I am not sure of when my appointment with my cardiologist will be, but it should be at some point in the first three weeks of April. I will have a TOE (Trans-oesophageal echocardiogram) to check that the LAA closure has properly healed along with the usual ECG etc. I suspect that this may involve two visits.
As I am now feeling much improved and have not had any AF-like symptoms since New Year’s Day, I have decided that it would be appropriate to notch up the exercise level slightly. If it gives me a problem, it would be better to happen before my scheduled appointment rather than after.
The singlespeed is now going to be mothballed in favour of my Bianchi (winter bike fitted with mudguards) which means no more canal banks, instead, I will be back on the road.
I managed 28 miles on Saturday and 34 miles on Sunday. I headed out east to avoid the steep hills of the Peak District and was taking it steady, with no sprinting and I was sticking to the small ring for most of the ride. In fact, I was in the bail-out gear on some of the relatively gentle slopes, but still managed total climbs of 1800 and 2150 feet respectively. I generally felt quite good, and progress on the flat was brilliant, but I think the hills were a struggle due to a general lack of fitness rather than heart issues.
Interestingly, I last did the Sunday route in July 2017, when I felt recovered from my first ablation. Even though this was in nice weather with my best bike and summer clothing, I was still ½ a mile faster on average yesterday. I think this bodes well for my future recovery.
The heavy snowfall between 27/02 and 02/03 had kept us relatively housebound, so no exercise except for a snowy walk around the woods on Saturday. I am certainly missing the bike.
The last of the snow melted yesterday and temperatures are now a balmy seven degrees in the sunshine. As I am now five weeks post-ablation and feeling pretty good, although unfit, I think I can nudge the cycling up a notch. Nothing too ambitious, but I will get the Bianchi out for a few trips on the road; this should also keep me cleaner than the canal paths.
In the morning, I felt slightly better, but cancelled my meeting in Barnsley later in the day and in London the following day. I managed to work from home in my small office, but downstairs was too cold for me. It seems that the indigestion followed by flu like symptoms were fairly common locally. I feel quite pleased, It’s not related to my AF after all.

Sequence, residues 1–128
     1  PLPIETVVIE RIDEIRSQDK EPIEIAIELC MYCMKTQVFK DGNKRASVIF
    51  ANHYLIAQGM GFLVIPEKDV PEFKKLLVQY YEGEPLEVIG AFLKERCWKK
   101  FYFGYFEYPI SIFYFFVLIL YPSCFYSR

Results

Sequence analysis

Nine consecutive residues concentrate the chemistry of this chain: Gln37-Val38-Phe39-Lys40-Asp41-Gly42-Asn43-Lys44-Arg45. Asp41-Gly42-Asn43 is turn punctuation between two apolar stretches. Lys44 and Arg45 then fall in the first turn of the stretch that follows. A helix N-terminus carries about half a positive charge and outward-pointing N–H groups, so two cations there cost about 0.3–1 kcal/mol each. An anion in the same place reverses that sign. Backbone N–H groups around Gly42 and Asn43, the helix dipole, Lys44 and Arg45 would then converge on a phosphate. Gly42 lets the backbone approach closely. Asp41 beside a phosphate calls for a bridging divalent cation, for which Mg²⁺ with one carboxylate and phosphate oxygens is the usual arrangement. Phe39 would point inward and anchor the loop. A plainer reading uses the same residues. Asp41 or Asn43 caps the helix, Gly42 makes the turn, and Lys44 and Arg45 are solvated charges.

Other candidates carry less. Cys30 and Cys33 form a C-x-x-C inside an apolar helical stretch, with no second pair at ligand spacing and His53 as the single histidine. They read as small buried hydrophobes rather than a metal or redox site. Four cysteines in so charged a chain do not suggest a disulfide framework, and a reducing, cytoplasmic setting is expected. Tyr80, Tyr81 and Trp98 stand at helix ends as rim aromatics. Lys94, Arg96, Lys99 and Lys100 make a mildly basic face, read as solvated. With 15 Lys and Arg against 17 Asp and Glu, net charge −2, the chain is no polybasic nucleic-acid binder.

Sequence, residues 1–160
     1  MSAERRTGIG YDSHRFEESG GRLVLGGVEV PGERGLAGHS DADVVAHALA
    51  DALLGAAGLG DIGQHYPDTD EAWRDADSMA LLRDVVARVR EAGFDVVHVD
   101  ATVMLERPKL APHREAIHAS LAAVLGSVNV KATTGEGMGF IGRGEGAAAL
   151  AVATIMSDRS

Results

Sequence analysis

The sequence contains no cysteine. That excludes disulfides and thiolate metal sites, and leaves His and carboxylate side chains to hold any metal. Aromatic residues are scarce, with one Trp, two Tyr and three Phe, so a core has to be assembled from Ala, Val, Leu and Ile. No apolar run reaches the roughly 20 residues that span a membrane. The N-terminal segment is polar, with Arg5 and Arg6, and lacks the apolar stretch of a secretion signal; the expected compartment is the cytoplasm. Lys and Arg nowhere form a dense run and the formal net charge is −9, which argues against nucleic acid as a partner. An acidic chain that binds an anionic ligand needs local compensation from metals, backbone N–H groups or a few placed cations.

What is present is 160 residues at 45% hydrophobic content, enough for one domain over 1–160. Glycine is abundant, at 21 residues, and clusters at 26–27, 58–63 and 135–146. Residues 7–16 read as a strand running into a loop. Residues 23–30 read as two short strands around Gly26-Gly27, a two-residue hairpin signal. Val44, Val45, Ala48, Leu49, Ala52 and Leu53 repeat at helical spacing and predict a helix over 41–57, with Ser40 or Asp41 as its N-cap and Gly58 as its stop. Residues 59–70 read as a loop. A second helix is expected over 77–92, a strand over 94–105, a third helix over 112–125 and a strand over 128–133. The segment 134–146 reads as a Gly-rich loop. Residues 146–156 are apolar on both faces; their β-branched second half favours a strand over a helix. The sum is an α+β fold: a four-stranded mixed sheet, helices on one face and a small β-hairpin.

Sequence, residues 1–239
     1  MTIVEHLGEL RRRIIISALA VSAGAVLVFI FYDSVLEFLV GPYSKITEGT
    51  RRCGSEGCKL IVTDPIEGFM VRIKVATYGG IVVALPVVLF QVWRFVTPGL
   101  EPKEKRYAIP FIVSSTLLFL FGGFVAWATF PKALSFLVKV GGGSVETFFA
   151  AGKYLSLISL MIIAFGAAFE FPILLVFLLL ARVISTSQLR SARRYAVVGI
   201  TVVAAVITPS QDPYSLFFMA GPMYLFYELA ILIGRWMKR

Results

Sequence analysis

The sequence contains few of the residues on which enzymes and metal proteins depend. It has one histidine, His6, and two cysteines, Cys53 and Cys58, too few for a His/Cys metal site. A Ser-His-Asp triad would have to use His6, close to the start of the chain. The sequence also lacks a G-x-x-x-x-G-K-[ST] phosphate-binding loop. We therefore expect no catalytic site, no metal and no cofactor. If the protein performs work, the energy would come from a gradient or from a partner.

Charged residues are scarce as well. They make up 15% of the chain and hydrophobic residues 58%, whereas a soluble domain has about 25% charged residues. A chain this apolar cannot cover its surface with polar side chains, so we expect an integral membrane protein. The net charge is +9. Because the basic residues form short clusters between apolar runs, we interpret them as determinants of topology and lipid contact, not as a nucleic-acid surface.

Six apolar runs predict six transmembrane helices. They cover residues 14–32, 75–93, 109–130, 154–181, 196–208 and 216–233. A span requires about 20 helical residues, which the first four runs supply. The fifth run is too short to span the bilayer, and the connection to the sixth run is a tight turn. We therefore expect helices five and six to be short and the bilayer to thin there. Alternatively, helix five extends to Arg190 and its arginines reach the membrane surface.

It is now Sunday, eight days after the indigestion started. If anything it is now worse than before. However I decide to attend the BC training day. On the way back from Nottingham I called in to see my mother who is surprisingly cheerful. Half an hour after returning home, I felt terrible; freezing and sweating at the same time, just like flu. I went to bed very early after not eating.
I have been experiencing indigestion/reflux for the last week. This should be potentially worrying to heart patients due to the symptoms: pain in the chest, particularly when breathing in, which mimic the symptoms of heart attack. However, I recognise the feeling from a bout I had several years ago, related I think to a gall bladder infection. The feeling was similar to this and not as bad as the opiate induced reflux from last year. A quick check on the Kardia confirmed a normal heart rate albeit with a few ectopics.
I decided this was nothing to worry about and perhaps needing to rethink my diet (too much fast food recently) if it is not gone by the end of the weekend, then I may call the arrhythmia nurse.
I just found this, which contains a fair amount of technical information.
Over the last year of treatment there have been a number of false dawns; on several occasions I received a form of treatment and declared myself so much better, sometimes almost claiming to be back to normality. This happened after the successful cardioversion, a few weeks after the first ablation and immediately after the second. Each time it took a short while to realise that these were just an overreaction to a slight improvement or perhaps even self-delusion. Confusingly, the first treatment step that did not leave me feeling instantly improved was the removal of Beta Blockers which was the one thing I expected to give a magical change.
The run-up to Xmas was tiring, in spite of me using saved holidays to reduce my last month at work to a number of two- and three-day weeks. The two and a half weeks of rest over Xmas certainly helped. I have been feeling greatly improved since January started (with the exception of New Year’s Day) and have not regressed.